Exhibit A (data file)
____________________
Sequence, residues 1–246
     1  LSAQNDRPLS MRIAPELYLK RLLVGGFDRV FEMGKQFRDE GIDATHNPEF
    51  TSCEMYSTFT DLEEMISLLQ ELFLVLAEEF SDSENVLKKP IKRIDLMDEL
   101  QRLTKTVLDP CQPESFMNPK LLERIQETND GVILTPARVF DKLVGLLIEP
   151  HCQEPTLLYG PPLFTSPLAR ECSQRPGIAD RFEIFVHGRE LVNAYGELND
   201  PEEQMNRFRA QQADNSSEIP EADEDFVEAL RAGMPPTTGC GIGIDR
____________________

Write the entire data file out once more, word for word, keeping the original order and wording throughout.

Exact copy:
Sequence, residues 1–246
     1  LSAQNDRPLS MRIAPELYLK RLLVGGFDRV FEMGKQFRDE GIDATHNPEF
    51  TSCEMYSTFT DLEEMISLLQ ELFLVLAEEF SDSENVLKKP IKRIDLMDEL
   101  QRLTKTVLDP CQPESFMNPK LLERIQETND GVILTPARVF DKLVGLLIEP
   151  HCQEPTLLYG PPLFTSPLAR ECSQRPGIAD RFEIFVHGRE LVNAYGELND
   201  PEEQMNRFRA QQADNSSEIP EADEDFVEAL RAGMPPTTGC GIGIDR